The native stones provided the huge foundations, the two fireplaces in the large dining room and the lobby where the six-foot logs blazed nightly for the comfort of the guests. The second floor was built of solid wood, with heavy gray painted canvas stretched over it and then criss-crossed by heavy timbers painted brown, simulating English style architecture. This floor provided for about 35 bedrooms and several bathrooms. The third story provided quarters for the waiters, maids, cooks and caretakers.

McCurry also wrote of a botany teacher who'd take children on "field trips identifying trees and shrubs," noting the group found more than 35 different "classifications." Reading McCurry's account, Holleman said he likes to think the state parks' modern interpretive program got its start at Queen Wilhelmina.

During the years in which McCurry visited Wilhelmina Inn, the resort was very successful. But By the late 1890s, hard times had fallen upon the railroad and effected the resort, according to Holleman. "Arthur Stillwell was a much better promoter than manager. They didn't have enough money to get the trains moving -- get the freight moving to pay off the interest on the debt. They went under and all of the management was ousted, including Stillwell. Another management group took over, but they weren't interested in operating the lodge."

Without the connection to the railroad, operating the lodge at a profit was virtually impossible. "In the early 1900s, the only transportation to the lodge was the train," Holleman said.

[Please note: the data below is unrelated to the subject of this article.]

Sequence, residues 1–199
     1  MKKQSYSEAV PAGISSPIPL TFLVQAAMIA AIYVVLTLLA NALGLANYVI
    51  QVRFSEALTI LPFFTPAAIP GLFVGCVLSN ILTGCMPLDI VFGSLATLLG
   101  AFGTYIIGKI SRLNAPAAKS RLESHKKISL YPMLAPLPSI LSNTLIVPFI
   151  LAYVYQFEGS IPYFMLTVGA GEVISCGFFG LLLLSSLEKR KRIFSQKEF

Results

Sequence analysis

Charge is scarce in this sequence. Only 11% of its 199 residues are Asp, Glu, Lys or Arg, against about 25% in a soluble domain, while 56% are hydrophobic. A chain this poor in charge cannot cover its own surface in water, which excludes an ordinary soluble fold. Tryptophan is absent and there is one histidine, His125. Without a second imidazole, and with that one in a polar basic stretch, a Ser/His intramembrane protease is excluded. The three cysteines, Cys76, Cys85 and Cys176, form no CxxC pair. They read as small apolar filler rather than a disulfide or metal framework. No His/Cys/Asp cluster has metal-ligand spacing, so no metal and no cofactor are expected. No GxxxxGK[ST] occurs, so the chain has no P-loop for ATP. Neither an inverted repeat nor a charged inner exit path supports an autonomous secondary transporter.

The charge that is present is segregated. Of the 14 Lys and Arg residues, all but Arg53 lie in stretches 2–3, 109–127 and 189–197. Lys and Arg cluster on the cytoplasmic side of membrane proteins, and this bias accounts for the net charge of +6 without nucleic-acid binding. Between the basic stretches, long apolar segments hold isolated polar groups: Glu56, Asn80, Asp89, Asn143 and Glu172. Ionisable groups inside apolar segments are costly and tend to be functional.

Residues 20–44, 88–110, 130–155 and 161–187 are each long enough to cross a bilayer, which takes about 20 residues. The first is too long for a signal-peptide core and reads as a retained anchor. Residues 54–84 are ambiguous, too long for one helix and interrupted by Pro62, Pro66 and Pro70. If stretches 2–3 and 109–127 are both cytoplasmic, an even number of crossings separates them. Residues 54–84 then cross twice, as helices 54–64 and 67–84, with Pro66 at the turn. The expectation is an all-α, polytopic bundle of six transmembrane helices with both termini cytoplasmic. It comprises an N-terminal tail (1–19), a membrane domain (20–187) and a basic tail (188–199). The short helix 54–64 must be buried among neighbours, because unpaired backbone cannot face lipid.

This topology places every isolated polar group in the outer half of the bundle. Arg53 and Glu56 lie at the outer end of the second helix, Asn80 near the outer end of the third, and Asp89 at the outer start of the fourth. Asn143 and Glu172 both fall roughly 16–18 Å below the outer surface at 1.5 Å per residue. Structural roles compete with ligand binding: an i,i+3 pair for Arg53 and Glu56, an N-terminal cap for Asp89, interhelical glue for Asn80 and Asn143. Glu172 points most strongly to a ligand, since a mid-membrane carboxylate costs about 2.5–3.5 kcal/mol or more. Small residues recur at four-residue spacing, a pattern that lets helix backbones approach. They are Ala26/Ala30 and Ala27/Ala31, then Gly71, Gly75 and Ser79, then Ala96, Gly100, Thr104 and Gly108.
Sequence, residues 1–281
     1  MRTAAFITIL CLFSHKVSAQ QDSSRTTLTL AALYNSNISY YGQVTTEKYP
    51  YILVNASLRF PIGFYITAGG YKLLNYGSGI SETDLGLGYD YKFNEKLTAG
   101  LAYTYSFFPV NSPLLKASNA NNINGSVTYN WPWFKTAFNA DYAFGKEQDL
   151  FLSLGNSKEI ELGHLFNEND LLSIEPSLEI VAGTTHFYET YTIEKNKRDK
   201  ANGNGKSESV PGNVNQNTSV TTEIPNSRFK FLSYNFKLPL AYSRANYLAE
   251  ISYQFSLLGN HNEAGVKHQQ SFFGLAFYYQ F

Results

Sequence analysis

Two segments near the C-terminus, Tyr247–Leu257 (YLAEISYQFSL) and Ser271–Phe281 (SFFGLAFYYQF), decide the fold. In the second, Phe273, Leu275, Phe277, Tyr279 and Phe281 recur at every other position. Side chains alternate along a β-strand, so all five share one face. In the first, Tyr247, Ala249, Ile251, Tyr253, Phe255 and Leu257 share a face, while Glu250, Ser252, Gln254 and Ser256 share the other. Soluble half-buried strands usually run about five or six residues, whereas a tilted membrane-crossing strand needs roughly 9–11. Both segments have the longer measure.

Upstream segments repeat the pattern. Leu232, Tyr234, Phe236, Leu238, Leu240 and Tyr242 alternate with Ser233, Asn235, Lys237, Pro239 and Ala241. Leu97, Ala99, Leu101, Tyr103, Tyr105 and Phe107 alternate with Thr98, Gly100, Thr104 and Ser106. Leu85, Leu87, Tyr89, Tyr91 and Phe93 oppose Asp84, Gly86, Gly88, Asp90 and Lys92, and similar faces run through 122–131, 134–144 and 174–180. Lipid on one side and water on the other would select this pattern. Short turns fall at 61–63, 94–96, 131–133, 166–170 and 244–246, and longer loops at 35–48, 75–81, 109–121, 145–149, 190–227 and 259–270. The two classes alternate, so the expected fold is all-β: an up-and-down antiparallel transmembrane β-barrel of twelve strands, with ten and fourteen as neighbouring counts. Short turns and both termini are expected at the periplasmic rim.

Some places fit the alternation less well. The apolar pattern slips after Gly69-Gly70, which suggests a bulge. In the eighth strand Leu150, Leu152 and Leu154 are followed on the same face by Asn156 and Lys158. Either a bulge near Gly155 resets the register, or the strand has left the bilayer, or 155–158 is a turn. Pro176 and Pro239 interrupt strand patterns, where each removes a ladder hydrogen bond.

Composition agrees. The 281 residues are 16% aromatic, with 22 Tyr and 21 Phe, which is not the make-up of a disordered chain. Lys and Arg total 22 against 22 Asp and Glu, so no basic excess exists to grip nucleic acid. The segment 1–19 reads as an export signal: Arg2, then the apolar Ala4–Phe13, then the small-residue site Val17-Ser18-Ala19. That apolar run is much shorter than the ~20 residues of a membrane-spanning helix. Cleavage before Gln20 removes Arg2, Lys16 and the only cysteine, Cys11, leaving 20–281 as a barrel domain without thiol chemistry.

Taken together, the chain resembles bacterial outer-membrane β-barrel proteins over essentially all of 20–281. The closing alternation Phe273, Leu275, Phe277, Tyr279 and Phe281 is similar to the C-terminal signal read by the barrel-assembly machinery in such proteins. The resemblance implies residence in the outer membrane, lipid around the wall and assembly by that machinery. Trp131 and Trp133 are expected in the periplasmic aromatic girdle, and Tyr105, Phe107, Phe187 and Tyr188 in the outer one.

After 1900, the property was bought and sold numerous times, and during one ownership, almost all of the fine furnishings and china in the lodge were auctioned, which Holleman believes was the "final nail in the coffin." Wilhelmina Inn closed for good in 1910, and by the 1930s the once-majestic structure was in complete ruins.

The land surrounding the hotel was parceled and sold, and like the hotel continued to change hands until the 1950s when a group from Mena purchased the property. The group consisted of several state senators, including Senator Roy Riales, who in 1957 authored the resolution creating Queen Wilhelmina State Park.

Two years later, ruins of the original hotel were used to create a new lodge and restaurant for the state park atop Rich Mountain. The café was completed and opened in 1961, and the 17-room lodge was officially dedicated June 22, 1963, exactly 65 years after the first inn opened.

Like the original, the new state-owned lodge quickly became a popular tourist attraction. But in 1973, bad luck again befell the resort. In the pre-dawn hours of a November morning, a fire started in kitchen, and though all 29 guests and staff escaped without harm, the blaze destroyed the entire hotel. Not long after the fire, a modern 38-room lodge modeled after the 1898 inn was built on the same site and remains today.

Although the lodge has been rebuilt twice, Holleman said the success of the resort has never hinged on the facilities. "I always like to tell people that even though many things change, some things stay the same. And people have always enjoyed scenic vistas. Certain things people have always valued."

The railroad still runs between Rich and Blackfork mountains, though patrons no longer use the rail to travel to Queen Wilhelmina. Today people in cars zip up the Talimena Scenic Byway overlooking deep valleys of the Ouachita Mountains on their way to the "Castle in the Sky," where the air is cooler and scenic views have and will continue to draw the human spirit.

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Submitted by the Arkansas Department of Parks & Tourism
One Capitol Mall, Little Rock, AR 72201, (501) 682-7606
E-mail: info@arkansas.com

May be used without permission. Credit line is appreciated:
"Arkansas Department of Parks & Tourism"